biology manuscript assignment

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Manuscript Assignment (BIO 3120) (15% of Final Grade)

Due on April 22

(through Turnitin.com – see syllabus for instructions) Rationale: As scientists we are often put into situations where we inherit data from those before us. This presents a challenge as we need to figure out what the previous researcher did (using their notes and information from a common colleague or advisor). We are also frequently asked to write or contribute to manuscripts for publication, which must be prepared according to strict guidelines, submitted and then often re-submitted to address comments from the editors. This assignment is meant to introduce you to the manuscript process and familiarize you with the ‘behind the scenes’ of scientific articles. Description: A gene encoding for the enzyme alcohol dehydrogenase from a mouse (Mus musculus) was isolated and sequenced by a former graduate student from my lab named Marty (fictional). He also did some enzyme characterization work as well. I want you to prepare a manuscript for publication based on Marty’s work. It should follow the instructions by the journal Cell and it may include (but is not limited to) the following data:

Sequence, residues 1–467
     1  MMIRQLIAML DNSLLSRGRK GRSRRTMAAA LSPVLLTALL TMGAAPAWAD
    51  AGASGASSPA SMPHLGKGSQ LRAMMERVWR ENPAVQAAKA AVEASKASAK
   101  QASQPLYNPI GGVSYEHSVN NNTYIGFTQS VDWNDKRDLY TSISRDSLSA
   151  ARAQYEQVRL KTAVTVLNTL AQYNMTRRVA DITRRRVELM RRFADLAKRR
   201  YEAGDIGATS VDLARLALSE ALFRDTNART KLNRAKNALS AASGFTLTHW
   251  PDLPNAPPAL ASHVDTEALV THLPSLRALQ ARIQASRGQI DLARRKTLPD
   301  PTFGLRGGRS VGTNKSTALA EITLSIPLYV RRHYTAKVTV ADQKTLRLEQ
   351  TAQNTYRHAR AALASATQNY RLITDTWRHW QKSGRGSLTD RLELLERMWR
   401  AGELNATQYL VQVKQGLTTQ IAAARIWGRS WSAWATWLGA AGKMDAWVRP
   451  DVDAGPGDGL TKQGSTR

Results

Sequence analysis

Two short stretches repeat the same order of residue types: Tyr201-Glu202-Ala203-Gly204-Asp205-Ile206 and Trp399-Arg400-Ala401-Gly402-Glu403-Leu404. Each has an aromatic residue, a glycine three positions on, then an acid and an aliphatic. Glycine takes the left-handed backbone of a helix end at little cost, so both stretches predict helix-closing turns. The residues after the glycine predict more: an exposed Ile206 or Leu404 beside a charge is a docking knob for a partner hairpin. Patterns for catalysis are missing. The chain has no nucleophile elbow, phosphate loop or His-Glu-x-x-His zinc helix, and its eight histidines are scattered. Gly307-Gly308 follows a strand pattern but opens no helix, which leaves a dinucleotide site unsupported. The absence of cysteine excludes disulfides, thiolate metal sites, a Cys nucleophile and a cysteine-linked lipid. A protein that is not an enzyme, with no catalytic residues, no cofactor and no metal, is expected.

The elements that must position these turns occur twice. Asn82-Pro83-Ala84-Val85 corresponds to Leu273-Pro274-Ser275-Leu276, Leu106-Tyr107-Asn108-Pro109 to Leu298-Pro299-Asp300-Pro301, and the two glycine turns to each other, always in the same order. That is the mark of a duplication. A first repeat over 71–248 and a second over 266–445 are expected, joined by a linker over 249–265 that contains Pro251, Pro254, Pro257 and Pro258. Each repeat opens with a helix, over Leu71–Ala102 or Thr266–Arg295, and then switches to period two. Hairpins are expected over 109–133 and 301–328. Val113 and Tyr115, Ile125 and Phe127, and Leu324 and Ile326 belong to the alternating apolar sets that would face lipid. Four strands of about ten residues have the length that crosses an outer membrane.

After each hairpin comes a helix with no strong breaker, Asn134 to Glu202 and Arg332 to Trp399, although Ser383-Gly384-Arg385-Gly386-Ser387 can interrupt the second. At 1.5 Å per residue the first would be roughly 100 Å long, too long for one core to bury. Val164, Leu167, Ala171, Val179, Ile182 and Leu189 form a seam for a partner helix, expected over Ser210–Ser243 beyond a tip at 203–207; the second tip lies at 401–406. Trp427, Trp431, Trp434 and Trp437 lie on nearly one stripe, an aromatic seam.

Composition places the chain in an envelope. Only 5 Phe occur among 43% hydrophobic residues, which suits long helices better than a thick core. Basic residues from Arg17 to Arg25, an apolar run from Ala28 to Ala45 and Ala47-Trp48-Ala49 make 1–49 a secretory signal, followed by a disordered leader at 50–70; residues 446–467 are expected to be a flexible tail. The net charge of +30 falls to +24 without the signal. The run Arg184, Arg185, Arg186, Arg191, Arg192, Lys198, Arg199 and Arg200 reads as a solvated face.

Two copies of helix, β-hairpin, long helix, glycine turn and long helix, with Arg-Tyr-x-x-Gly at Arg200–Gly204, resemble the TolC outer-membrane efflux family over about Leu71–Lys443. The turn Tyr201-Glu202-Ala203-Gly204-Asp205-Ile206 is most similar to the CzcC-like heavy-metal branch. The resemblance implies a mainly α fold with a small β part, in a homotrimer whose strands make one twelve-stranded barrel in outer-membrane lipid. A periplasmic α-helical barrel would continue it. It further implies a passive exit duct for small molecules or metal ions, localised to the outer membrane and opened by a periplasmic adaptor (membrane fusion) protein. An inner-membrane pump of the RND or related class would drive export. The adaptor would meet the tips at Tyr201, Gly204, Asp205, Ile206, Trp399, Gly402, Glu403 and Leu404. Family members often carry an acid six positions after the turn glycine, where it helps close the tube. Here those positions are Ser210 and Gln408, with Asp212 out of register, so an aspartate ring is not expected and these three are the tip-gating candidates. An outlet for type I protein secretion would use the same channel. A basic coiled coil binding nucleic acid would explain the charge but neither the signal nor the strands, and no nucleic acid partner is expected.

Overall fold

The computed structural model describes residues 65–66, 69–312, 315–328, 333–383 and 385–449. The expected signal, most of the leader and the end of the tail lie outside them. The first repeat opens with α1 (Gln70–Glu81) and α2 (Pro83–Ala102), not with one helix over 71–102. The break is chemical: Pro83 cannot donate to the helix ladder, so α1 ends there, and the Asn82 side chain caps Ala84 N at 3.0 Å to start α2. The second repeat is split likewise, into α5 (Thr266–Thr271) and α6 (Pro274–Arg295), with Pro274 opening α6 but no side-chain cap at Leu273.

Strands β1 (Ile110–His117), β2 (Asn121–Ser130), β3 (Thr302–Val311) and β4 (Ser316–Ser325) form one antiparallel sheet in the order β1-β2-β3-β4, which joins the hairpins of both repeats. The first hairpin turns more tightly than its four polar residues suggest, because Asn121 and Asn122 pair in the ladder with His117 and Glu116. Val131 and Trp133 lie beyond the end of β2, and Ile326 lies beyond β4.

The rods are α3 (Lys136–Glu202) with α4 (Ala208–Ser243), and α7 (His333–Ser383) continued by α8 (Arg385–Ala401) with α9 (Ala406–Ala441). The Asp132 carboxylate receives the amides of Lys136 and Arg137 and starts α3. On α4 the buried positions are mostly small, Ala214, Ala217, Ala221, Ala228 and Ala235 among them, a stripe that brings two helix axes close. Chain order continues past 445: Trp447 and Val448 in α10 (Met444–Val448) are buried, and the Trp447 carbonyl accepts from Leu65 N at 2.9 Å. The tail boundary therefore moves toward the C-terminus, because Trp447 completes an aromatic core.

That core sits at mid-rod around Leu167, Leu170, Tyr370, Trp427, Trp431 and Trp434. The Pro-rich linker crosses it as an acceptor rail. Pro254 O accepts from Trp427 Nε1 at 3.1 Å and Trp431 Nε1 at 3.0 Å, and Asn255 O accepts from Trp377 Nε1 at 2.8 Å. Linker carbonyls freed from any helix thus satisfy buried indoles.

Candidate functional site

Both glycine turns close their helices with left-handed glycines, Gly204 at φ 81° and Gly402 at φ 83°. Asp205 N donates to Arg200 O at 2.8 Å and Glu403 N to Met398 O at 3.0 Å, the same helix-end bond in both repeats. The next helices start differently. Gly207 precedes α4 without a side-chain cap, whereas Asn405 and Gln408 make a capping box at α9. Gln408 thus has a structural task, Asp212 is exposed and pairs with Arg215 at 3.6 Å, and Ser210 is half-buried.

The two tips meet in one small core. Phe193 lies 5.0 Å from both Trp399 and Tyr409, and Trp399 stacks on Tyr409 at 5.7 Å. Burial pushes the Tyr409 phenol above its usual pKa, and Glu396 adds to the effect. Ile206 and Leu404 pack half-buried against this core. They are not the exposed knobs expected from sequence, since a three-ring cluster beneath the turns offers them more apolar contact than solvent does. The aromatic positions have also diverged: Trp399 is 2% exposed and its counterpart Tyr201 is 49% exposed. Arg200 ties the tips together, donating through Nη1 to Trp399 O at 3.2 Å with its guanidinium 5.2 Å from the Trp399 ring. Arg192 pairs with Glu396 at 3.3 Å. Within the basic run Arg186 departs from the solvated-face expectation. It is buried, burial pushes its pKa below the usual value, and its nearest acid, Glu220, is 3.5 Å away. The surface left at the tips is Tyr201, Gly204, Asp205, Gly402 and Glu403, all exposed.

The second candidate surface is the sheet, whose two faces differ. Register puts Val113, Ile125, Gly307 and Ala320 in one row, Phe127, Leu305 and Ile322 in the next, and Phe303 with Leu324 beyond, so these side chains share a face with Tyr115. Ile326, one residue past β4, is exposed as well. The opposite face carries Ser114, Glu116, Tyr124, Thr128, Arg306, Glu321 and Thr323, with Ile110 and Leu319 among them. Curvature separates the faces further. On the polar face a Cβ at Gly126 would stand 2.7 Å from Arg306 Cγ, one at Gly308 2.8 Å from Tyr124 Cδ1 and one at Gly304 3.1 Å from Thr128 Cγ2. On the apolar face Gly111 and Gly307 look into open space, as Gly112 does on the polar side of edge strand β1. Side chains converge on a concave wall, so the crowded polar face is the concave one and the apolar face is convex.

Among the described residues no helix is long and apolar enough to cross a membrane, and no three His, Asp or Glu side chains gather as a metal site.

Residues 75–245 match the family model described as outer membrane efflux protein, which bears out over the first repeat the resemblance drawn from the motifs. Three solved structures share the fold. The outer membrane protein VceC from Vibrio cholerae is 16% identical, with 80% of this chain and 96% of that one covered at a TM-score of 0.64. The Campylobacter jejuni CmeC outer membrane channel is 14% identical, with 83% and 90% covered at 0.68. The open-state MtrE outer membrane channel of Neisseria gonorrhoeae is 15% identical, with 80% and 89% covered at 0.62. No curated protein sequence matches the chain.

• Nucleotide sequence of the alcohol dehydrogenase gene (see D2L folder “Manuscript Assignment” for the sequence file)

• Amino acid sequence of the protein • Molecular weight (MW) of the protein in kilodaltons (kDa) • Optimal pH of the protein (see Marty’s Data Sheet on D2L) • Optimal temperature (see Marty’s Data Sheet on D2L)

Online resources may be used to generate some of the information (e.g. pI, MW, amino acid sequence). We will visit the Booth Library (Room 4450) on January 28, 2016 during the lab period so that we can go over some of these tools and become familiar with literature searches. Useful websites include (but are not limited) to the following: http://www.ncbi.nlm.nih.gov/ http://expasy.org/proteomics http://web.expasy.org/translate/ http://web.expasy.org/compute_pi/

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Instructions for Manuscript Preparation (i.e. Instructions for Authors) (modified from http://www.cell.com/authors)

The body of the manuscript should be double-spaced with 12 font text (Times New Roman or Arial), in past tense and without personal pronouns (e.g. We, I), and each page should be numbered. The layout should include the following sections in this order: